Here are two essential things a shop owner must tell any new security guards they hire.
They should show them the products that shoplifters have targeted in the past
When showing the new security guard around their shop, the owner should point out the products that shoplifters have chosen to steal in the past. This is important, as whilst many people assume that shoplifters will always aim to steal a shop's most expensive goods, in reality, they may opt for cheaper items that are, for example, in a corner of the shop that the staff at the checkouts cannot see, or they might target products that can they can easily resell on the black market.
If they're told which products the owner has noticed people stealing in the past, the security guard will then know which areas of the shop they need to keep an extra-close eye on and will understand that they need to subtly monitor any customers who pick up these items and keep them in their baskets whilst browsing. The shop owner in this situation should also update their security guard whenever they reposition these particular products (for example, if they place these goods in special display cases when they're on sale) so that the security guard is aware that they must observe them in this new location, as soon as this repositioning happens.
They should tell them what signals they have instructed their other staff to use to indicate that there's a shoplifter present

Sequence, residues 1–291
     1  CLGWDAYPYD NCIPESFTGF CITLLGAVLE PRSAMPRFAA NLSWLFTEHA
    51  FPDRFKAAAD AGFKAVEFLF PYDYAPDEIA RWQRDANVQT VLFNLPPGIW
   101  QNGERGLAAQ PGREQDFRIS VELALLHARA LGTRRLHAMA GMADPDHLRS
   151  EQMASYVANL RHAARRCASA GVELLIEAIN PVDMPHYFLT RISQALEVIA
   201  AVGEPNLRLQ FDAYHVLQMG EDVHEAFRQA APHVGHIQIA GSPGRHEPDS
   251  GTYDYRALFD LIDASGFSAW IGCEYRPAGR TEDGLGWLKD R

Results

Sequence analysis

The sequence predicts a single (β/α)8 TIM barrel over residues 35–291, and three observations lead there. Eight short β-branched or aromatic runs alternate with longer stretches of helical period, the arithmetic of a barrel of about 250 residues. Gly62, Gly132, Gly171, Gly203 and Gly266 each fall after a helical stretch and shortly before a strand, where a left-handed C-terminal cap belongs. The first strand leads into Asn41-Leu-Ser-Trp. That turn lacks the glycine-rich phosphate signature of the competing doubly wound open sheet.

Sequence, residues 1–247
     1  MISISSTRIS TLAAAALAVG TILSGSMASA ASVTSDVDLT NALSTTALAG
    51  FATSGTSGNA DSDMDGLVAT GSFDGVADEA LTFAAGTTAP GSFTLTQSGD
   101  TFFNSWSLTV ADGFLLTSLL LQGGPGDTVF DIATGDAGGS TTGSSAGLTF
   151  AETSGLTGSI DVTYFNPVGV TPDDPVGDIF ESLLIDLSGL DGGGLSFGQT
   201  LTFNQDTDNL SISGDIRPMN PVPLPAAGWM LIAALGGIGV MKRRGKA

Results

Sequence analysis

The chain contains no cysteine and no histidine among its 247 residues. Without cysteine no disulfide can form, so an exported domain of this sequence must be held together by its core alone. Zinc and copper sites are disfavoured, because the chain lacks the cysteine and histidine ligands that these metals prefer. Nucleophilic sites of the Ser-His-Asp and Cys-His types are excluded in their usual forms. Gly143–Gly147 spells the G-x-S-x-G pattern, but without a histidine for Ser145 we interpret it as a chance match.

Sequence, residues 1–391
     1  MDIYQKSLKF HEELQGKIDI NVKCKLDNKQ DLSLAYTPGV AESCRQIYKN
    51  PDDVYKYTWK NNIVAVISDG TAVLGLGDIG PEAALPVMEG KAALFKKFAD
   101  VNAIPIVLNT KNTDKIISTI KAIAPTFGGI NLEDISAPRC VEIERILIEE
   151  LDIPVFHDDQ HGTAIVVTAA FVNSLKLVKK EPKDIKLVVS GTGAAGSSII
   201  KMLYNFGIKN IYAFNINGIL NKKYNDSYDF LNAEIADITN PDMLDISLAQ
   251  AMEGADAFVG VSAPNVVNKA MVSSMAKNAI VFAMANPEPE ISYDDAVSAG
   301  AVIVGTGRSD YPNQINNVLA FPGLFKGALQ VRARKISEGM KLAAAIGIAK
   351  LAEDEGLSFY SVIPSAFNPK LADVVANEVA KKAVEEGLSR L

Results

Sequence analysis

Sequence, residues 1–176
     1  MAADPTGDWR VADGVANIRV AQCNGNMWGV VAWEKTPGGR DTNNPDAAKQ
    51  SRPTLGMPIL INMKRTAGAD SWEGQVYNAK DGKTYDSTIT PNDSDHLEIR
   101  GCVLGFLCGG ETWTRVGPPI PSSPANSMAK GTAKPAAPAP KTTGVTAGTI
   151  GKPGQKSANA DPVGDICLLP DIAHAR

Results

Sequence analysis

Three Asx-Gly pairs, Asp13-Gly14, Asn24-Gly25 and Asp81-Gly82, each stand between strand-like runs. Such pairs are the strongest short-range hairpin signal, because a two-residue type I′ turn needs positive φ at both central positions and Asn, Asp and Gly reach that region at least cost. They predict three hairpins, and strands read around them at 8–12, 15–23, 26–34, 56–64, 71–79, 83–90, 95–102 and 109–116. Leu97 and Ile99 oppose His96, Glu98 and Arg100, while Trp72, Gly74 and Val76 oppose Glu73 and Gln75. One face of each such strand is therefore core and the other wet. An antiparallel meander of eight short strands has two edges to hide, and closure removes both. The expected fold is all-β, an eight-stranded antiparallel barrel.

Sometimes, simply because of where an employee happens to be working in the shop when a thief starts stealing items, they may notice this incident before the shop's security guard does. Because a security guard is trained to de-escalate and, if necessary, safely apprehend criminals, they should be the one to approach the shoplifter. However, if the staff shout over to the security guard, the shoplifter will obviously realise that they have been noticed and may then get aggressive or escape through the shop's nearest exit.
Given this, it is best for the staff to subtly signal to the security guard that a security incident is occurring so that the latter has a chance to reach the shoplifter before they escape. As such, the shop owner might, for example, prefer to have their staff say a code word or sentence over the shop's intercom system when an incident is occurring. For instance, they may have agreed to use the word 'orange juice' as a code for 'shoplifter' so that when there is a shoplifter on aisle 10, their staff can say something like 'Orange juice replenishment is required on aisle 10'. It's crucial for the shop owner to share this code word with the new security guard so that they know that when they hear it, they need to rush to the named aisle and deal with the thief.
Contact a local security guard service to learn more.Share
1 March 2021
At work we do lots of work on making sure the office stays safe. I try and teach some of those same lessons to the kids, like making sure we don't leave windows and doors open and that we lock the car doors when we come into the house. I don't want my kids to grow up paranoid, but I know it's much easier to maintain our home security if all of these little checks are automatic. I am keeping a track of all of the things I am teaching my kids about security on the site - and working out which lessons actually sink in! Read on and see how I'm going.